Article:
Prenatal blood test could help detect fetal heart defects

Researchers at Beaumont Hospital, Royal Oak, have discovered a blood test for pregnant women that uses artificial intelligence and genetic-related biomarkers to accurately detect congenital heart defects in the fetus long before birth.

“We know that when congenital heart defects are diagnosed early – ideally before birth – outcomes can improve significantly and mortality and morbidity reduced,” said Dr. Obstetrics and Gynecology, Beaumont Health, and lead author of, “Accurate Prenatal Detection of Fetal Congenital Heart Defects,” which appears in a recent issue of the leading journal, American Journal of Obstetrics and Gynecology.

Dr. Bahado-Singh cautions that larger prospective studies are needed to validate these findings. However, he said this minimally invasive detection method is an important first step in establishing an effective postnatal action plan that quickly puts at-risk infants on track to receive the intensive medical and surgical care needed. they need.

“Once confirmed, these findings could lead to exciting new protocols and, importantly, better outcomes for newborns and their families,” Dr. Bahado-Singh said. “The next steps after a positive test would include performing an echocardiogram before birth and repeated after birth to confirm the presence and nature of a cardiac abnormality.”

Currently, ultrasound imaging of the fetal heart is the only screening tool available for the early (prenatal) detection of congenital heart defects, Dr. Bahado Singh said. Unfortunately, in the United States, only about half of fetal congenital heart disease is identified by prenatal ultrasound. Because of this limitation, screening and monitoring of newborn oxygen levels, via pulse oximetry, is now the standard of care. Unfortunately, pulse oximetry still misses about 10% of critical neonatal heart disease, leading to increased deaths and serious complications.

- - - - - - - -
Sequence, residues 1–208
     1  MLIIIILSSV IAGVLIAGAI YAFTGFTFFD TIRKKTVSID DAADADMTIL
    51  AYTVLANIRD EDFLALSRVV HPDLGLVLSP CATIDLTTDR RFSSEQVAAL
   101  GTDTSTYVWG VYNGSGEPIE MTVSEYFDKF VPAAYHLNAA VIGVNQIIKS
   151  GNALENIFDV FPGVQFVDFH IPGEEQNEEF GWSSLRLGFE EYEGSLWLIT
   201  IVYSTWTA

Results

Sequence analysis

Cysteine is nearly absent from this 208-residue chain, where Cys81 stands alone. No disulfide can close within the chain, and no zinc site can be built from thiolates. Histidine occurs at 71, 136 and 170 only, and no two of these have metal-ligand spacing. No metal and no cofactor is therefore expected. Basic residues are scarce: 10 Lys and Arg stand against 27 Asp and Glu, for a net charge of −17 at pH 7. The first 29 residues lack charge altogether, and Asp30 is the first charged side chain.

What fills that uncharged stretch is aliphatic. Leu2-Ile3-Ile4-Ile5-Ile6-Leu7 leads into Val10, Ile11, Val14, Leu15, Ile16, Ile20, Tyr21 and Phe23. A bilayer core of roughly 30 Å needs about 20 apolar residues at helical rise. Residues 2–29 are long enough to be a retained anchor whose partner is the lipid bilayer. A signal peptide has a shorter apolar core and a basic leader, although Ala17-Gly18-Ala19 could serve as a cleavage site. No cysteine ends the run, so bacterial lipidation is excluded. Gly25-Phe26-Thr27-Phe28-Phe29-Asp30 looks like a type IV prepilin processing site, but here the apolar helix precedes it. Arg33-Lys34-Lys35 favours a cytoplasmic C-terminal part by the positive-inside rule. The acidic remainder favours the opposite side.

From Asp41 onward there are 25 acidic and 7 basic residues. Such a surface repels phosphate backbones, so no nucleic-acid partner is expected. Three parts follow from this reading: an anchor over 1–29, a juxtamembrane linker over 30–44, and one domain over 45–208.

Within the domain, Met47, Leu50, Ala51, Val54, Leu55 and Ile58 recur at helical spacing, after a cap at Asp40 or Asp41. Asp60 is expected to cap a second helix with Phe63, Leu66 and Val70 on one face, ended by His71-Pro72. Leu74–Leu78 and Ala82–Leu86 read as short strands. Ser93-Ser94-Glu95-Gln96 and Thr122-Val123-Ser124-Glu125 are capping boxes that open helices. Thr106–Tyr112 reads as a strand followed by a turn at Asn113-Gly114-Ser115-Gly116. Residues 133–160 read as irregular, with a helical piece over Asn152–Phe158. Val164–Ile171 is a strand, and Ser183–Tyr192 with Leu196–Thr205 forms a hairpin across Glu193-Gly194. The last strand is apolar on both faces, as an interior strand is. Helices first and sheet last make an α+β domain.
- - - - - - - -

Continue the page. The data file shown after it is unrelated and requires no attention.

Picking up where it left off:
Birth defects, especially those resulting from heart disease, are a leading cause of infant death. These include a hole in the heart, the most common, and other life-threatening birth defects of the heart that could affect oxygen levels and blood flow at birth; valve and other abnormalities. Smoking, alcohol consumption, environmental toxins, and vitamin deficiencies are all known contributors to the development of congenital heart defects. These agents cause chemical (‘epigenetic’) changes in DNA that can affect the function of genes essential for heart development,” explained Dr Bahado Singh “by turning the genes on or off.”

He continued. “You need a certain set of genes on and others off, for example, to make sure the heart chambers are fully developed. Turning the wrong genes on or off in this normally perfectly orchestrated symphony can cause maldevelopment. leading to major heart defects.

Artificial intelligence analysis of circulating (including fetal) DNA extracted from the mother’s blood, Dr. Bahado-Singh explained, “allows us to efficiently examine billions of potential pieces of information in the genome . This includes early identification of specific predictors of possible fetal heart defect and separation of those that require ongoing monitoring.

Ultimately, Dr. Bahado-Singh would like to see all pregnant women have easy access to screening – through a blood test, which requires no prior appointments or significant absence from work. Those who test positive could then be referred for detailed cardiac, fetal and neonatal ultrasounds and appropriate early intervention as needed.

“We are still a long way from that,” he said. “But it’s exciting to consider the possibilities.”

Reference: Bahado-Singh R, Friedman P, Talbot C, et al. Cell-free DNA in maternal blood and artificial intelligence: accurate prenatal detection of fetal congenital heart defects. Am J Obstet Gynecol. 2022: S0002937822006184. doi:10.1016/j.ajog.2022.07.062

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